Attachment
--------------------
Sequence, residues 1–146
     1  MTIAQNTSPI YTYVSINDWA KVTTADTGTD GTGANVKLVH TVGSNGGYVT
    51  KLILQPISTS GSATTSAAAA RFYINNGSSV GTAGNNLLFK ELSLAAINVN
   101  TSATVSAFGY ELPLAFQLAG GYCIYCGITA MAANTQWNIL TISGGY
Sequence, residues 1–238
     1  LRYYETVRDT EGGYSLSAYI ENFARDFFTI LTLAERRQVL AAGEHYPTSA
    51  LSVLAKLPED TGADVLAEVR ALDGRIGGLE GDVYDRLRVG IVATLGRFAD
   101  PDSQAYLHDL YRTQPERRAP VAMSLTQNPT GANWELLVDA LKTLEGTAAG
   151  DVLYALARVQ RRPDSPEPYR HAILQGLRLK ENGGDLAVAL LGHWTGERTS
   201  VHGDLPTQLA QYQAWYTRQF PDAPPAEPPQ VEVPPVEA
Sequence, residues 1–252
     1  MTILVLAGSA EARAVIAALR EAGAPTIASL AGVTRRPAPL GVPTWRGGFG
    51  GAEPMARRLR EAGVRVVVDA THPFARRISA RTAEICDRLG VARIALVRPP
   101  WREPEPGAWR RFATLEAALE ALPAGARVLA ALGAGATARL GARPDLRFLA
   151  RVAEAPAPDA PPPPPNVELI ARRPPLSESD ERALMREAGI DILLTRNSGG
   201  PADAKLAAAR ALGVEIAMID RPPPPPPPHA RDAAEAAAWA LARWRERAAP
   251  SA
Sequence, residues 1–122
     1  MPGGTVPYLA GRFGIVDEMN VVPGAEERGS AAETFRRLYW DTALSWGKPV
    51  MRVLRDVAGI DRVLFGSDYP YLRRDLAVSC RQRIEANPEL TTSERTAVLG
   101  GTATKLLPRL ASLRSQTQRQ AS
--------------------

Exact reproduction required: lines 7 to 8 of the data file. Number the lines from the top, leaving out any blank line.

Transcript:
    51  LSVLAKLPED TGADVLAEVR ALDGRIGGLE GDVYDRLRVG IVATLGRFAD
   101  PDSQAYLHDL YRTQPERRAP VAMSLTQNPT GANWELLVDA LKTLEGTAAG